Appendicitis FAQ

What is the meaning of appendicitis?

It means inflammation of appendix (swelling and infection). The term acute means sudden development of the inflammatory process.


Is it more common in certain age group?

It is most commonly seen in second decade of life (adolescence), though it can affect any age group.


What is the cause of appendicitis?

Location of Appendix in our Body

The appendix is a blind muscular tube present at the junction of small intestines and the large intestine. 80% of cases of acute appendicitis are caused due to obstruction of the lumen of the appendix. The reason of obstruction could be a faecolith (i.e. hard faecal matter), worms if present in the intestines and rarely a foreign body.


What are the symptoms?

Pain in right lower abdomen

Usually the first symptom is pain around umbilicus. After few hours the pain shifts to the right lower abdomen where the appendix is commonly present. A constant finding is that coughing causes an increase in local pain. Pain is followed by nausea, fever and vomiting. Other symptoms, which might be present, are loose stools and burning while passing urine. These symptoms are then followed by a rise in temperature and an increase in white cell count (WBC).

How a diagnosis of acute appendicitis is made?

The features of acute pain in the abdomen, shifting to the right lower abdomen with nausea, vomiting, fever and increased white cell count indicates acute appendicitis which is the commonest abdominal emergency. There are various other conditions, which can mimic acute appendicitis. A prompt medical advice is mandatory to avoid the complications of acute appendicitis which can become life threatening, if the appendix ruptures (perforates).

Any special tests required?

If in doubt an ultrasound of the abdomen helps in reaching the diagnosis. The accuracy of diagnosis has improved by USG and CT Scans.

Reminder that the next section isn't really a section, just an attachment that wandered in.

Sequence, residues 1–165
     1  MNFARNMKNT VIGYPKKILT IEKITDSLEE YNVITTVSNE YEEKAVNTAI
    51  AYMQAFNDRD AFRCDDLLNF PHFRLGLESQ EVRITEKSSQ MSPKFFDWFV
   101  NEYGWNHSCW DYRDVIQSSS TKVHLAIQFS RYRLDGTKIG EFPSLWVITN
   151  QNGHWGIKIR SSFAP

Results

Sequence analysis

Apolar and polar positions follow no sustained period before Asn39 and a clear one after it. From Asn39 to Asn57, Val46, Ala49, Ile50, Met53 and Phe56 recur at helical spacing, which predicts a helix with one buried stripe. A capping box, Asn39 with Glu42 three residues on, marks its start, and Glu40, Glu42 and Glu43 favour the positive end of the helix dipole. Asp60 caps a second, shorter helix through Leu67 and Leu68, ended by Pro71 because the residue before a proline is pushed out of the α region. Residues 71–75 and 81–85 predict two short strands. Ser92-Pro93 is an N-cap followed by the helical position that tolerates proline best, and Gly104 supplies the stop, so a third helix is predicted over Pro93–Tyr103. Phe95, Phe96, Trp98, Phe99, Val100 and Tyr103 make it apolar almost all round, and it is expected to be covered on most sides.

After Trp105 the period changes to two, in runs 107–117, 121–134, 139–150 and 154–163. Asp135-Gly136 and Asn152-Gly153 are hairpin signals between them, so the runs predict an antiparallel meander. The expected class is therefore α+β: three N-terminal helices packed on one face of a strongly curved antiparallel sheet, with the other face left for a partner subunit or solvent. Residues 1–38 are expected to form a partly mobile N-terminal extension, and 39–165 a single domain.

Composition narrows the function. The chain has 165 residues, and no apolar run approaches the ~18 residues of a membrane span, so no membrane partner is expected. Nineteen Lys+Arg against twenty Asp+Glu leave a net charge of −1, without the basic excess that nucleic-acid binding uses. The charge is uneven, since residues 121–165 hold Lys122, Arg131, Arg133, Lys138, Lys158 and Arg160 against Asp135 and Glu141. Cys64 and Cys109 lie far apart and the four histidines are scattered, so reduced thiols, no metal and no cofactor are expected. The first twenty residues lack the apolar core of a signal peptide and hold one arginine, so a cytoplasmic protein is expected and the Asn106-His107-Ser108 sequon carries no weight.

What are the complications of acute appendicitis?

  • Intra abdominal abscess
  • Gangrene and rupture of appendix
  • Septicaemia
  • Shock & Death


What is the treatment?

The treatment of acute appendicitis is removal of the appendix (i.e. appendicectomy). This can be done by an open technique or laparoscopically. Laparoscopic appendicectomy is performed by making three tiny (3-10 mm) incisions through which the telescope and instruments are introduced and the appendix is removed. The advantage of laparoscopy, over open technique, is that the patient goes home within one day after surgery with almost no pain in contrast to open surgery where the patient stays in the hospital for a longer time with considerable pain requiring injectable pain killers.

Don’t we need the appendix?

No, we don’t need it. Appendix is a vestigial organ in humans and thus can be removed without any consequence.


Are there any side effects after removal of appendix?

There are no side effects as it has no function in the human body.


What if we don’t get surgery done?

Surgery delayed or not done for acute appendicitis may lead to serious complications such as formation of an abscess or rupture of appendix leading to life threatening infection and even death.


Which is a better procedure open or laparoscopic?

Both the procedures are equally effective in good, experienced hands. However, Laparoscopic surgery has the advantage of less post operative pain, early recovery, good cosmetic results, less complications as well as the chance to rule out any other pathology present at the same time.

Evidence based medical practice and all Cochrane meta analysis has proven the superiority of Laparoscopic Appendicectomy vs open.
With laparoscopic approach, accuracy of diagnosis increases and if other conditions are found they can be managed simultaneously through the same incision.

Lap approach offers a great advantage in childbearing women as many gynaecological diseases can mimic appendicitis.